Aeolus in Wikipedia

Aeolus or Eolus[1] (Greek: Αἴολος Aiolos /ájjolos/, Modern Greek: /ˈe.olos/ ( listen)) was the ruler of the winds in Greek mythology. In fact this name was shared by three mythic characters. These three personages are often difficult to tell apart, and even the ancient mythographers appear to have been perplexed about which Aeolus was which. Diodorus Siculus made an attempt to define each of these three (although it is clear he also became muddled), and his opinion is followed here.[2] Briefly, the first Aeolus was a son of Hellen and eponymous founder of the Aeolian race; the second was a son of Poseidon, who led a colony to islands in the Tyrrhenian Sea; and the third Aeolus was a son of Hippotes who is mentioned in Odyssey book 10 as Keeper of the Winds who gives Odysseus a tightly closed bag full of the captured winds so he could sail easily home to Ithaca on the gentle West Wind. All three men named Aeolus appear to be connected genealogically, although the precise relationship, especially regarding the second and third Aeolus, is often ambiguous...

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Aeolus in Greek and Roman Biography and Mythology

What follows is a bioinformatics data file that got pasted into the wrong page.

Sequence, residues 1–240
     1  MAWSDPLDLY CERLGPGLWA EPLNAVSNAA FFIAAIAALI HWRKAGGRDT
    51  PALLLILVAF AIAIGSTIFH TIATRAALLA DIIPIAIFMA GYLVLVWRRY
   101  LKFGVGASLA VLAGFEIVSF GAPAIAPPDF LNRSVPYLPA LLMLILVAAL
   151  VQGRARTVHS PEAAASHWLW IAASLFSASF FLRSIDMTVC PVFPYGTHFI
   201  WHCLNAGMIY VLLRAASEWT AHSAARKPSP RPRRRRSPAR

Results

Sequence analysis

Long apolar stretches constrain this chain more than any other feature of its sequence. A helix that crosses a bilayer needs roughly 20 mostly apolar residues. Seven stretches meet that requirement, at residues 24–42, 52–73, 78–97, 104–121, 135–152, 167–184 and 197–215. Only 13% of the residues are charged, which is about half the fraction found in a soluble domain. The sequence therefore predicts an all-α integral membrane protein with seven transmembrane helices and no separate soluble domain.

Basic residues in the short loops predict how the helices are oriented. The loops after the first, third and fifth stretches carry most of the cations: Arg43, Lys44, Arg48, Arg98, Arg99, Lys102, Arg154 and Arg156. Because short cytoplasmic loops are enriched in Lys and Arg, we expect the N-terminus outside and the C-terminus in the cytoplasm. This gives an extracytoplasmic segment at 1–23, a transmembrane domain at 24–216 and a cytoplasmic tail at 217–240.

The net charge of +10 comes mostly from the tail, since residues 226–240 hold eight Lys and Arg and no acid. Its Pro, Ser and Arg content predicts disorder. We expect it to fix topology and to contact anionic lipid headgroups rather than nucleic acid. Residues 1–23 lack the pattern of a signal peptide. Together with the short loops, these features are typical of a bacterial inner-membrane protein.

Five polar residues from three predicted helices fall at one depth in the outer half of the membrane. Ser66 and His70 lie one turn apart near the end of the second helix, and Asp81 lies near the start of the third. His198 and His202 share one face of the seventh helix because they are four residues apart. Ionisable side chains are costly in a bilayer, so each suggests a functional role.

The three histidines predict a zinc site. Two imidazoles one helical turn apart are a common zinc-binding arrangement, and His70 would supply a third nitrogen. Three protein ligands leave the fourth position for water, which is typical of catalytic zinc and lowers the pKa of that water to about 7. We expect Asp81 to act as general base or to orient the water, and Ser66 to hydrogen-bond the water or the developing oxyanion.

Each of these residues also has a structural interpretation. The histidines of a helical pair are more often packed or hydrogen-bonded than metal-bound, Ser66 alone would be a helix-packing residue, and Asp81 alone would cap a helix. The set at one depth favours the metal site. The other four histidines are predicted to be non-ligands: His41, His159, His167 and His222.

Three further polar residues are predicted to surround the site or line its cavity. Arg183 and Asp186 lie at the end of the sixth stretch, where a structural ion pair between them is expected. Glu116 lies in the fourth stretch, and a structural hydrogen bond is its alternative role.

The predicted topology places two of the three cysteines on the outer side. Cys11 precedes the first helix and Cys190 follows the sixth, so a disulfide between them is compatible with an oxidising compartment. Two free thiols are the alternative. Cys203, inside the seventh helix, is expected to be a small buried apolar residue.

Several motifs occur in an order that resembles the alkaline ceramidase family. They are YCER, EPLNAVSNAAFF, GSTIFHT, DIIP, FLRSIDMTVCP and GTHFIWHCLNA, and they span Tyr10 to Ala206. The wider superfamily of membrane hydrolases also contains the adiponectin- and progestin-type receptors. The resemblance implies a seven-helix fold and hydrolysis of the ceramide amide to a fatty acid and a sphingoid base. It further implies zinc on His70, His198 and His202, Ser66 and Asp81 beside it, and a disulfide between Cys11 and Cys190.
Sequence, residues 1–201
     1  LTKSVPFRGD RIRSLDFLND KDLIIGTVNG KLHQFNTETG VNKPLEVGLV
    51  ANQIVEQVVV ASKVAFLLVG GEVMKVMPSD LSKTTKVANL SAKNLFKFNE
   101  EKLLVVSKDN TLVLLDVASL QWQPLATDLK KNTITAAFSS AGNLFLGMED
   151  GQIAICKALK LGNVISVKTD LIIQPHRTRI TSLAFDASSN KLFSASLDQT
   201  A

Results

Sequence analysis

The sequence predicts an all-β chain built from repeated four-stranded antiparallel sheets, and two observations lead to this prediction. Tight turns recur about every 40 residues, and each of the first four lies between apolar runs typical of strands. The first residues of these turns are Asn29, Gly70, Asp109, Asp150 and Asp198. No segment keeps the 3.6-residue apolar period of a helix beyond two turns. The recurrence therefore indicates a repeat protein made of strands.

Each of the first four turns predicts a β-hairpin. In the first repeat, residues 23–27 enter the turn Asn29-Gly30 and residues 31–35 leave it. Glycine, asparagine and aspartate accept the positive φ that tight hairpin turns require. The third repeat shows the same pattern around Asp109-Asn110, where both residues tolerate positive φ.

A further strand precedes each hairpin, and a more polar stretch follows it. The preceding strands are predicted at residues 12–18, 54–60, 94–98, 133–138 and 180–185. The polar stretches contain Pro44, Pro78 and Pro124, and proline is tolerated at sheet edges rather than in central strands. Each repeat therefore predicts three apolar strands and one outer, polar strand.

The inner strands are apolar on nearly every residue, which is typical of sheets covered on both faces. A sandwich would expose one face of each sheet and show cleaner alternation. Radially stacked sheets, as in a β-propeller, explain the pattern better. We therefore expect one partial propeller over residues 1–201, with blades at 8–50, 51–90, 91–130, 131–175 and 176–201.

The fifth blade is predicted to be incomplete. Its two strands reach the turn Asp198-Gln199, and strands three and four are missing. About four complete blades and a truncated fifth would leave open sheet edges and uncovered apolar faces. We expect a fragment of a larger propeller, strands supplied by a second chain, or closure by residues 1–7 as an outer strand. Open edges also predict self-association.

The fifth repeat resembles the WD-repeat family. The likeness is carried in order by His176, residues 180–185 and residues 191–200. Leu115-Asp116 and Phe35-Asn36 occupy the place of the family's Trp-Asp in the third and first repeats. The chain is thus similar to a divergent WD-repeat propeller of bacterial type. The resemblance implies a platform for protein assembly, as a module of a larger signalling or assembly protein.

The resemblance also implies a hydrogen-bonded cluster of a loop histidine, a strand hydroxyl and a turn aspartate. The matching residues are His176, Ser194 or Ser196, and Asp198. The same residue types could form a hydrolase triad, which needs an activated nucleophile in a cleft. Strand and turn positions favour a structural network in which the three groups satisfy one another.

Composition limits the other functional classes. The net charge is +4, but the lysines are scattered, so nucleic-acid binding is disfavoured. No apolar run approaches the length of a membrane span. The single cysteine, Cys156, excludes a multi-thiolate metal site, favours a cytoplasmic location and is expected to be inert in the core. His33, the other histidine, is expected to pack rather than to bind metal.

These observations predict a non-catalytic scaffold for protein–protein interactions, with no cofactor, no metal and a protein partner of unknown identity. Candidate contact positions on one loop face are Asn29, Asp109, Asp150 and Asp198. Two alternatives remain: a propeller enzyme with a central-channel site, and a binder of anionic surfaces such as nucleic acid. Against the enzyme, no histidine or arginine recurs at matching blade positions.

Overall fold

(*Ai)/olos). In the mythical history of Greece there are three personages of this name, who are spoken of by ancient writers as connected with one another, but this connexion is so confused, that it is impossible to gain a clear view of them. (Müller, Orchom. p. 138, &c.) We shall follow Diodorus, who distinguishes between the three, although in other passages he confounds them. 1. A son of Hellen and the nymph Orseis, and a brother of Dorus and Xuthus. He is described as the ruler of Thessaly, and regarded as the founder of the Aeolic branch of the Greek nation. He married Enarete, the daughter of Deimachus, by whom he had seven sons and five daughters, and according to some writers still more. (Apollod. 1.7.3; Schol. ad Pind. Pyth. 4.190.) According to Müller's supposition, the most ancient and genuine story knew only of four sons of Aeolus, viz. Sisyphus, Athamas, Cretheus, and Salmoneus, as the representatives of the four main branches of the Aeolic race. The great extent of country which this race occupied, and the desire of each part of it to trace its origin to some descendant of Aeolus, probably gave rise to the varying accounts about the number of his children. According to Hyginus (Hyg. Fab. 238, 242) Aeolus had one son of the name of Macarcus, who, after having committed incest with his sister Canace, put an end to his own life. According to Ovid (Ov. Ep. 11) Aeolus threw the fruit of this love to the dogs, and sent his daughter a sword by which she was to kill herself (Comp. Plut. Parallel. p. 312.) 2. Diodorus (4.67) says, that the second Aeolus was the great-grandson of the first Aeolus, being the son of Hippotes and Melanippe, and the grandson of Mimas the son of Aeolus. Arne, the daughter of this second Aeolus, afterwards became mother of a third Aeolus. (Comp. Paus. 9.40.3.) In another passage (5.7) Diodorus represents the third Aeolus as a son of Hippotes. 3. According to some accounts a son of Hippotes, or, according to others, of Poseidon and Arne, the daughter of the second Aeolus. His story, which probably refers to thus emigration of a branch of the Aeolians to the west, is thus related : Arne declared to her father that she was with child by Poseidon, but her father disbelieving her statement, gave her to a stranger of Metaponttum in Italy, who took her to his native town. Here she became mother of two sons, Boeotus and Aeolus (iii.), who were adopted by the man of Metapontum in accordance with an oracle. When they had grown up to manhood, they took possession of the sovereignty of Metapontum by force. But when a dispute afterwards arose between their mother Arne and their foster-mother Autolyte, the two brothers slew the latter and fled with their mother front Metapontum. Aeolus went to some islands in the Tyrrhenian sea, which received from him the name of the Aeolian islands, and according to some accounts built the town of Lipara. Diod. 4.67. 5.7. Here he reigned as a just and pious king, behaved kindly to the natives, and taught them the use of sails in navigation, and foretold them from signs which he observed in the fire the nature of the winds that were to rise. Hence, says Diodorus, Aeolus is described in mythology as the ruler over the winds, and it was this Aeolus to whom Odysseus came during his wanderings. A different account of the matter is given by Hyginus. (Fab. 186.) In these accounts Aeolus, the father of the Aeolian race, is placed in relationship with Aeolus the ruler and god of the winds. The groundwork on which this connexion has been formed by later poets and mythographers, is found in Homer. (Od. 10.2, &c.) In Homer, however, Aeolus, the son of Hippotes, is neither the god nor the father of the winds, but merely the happy ruler of the Aeolian island, whom Cronion had made the ταμίης of the winds, which he might soothe or excite according to his pleasure. (Od. 10.21, &c.) This statement of Homer and the etymology of the name of Aeolus from ἀέλλω were the cause, that in later times Aeolus was regarded as the god and king of the winds, which he kept enclosed in a mountain. It is therefore to him that Juno applies when she wishes to destroy the fleet of the Trojans. (Verg. A. 1.78.) The Aeolian island of Homer was in the time of Pausanias believed to be Lipara (Paus. 10.11.3), and this or Strongyle was accordingly regarded in later times as the place in which the god of the winds dwelled. (Verg. A. 8.416, 1.52; Strab. vi. p.276.) Other accounts place the residence of Aeolus in Thrace (Apollon. 1.954, 4.765; Callim. Hymm. in Del. 26), or in the neighbourhood of Rhegium in Italy. (Tzetz. ad Lycophr. 732; comp. Diod. 5.8.) The following passages of later poets also shew how universally Aeolus had gradually come to be regarded as a god: Ov. Met. 1.264, 11.748 14.223; V. Fl. 1.575; Quint. Smyrn. 14.475. Whether he was represented by the ancients in works of art is not certain, but we now possess no representation of him. - A Dictionary of Greek and Roman biography and mythology, William Smith, Ed.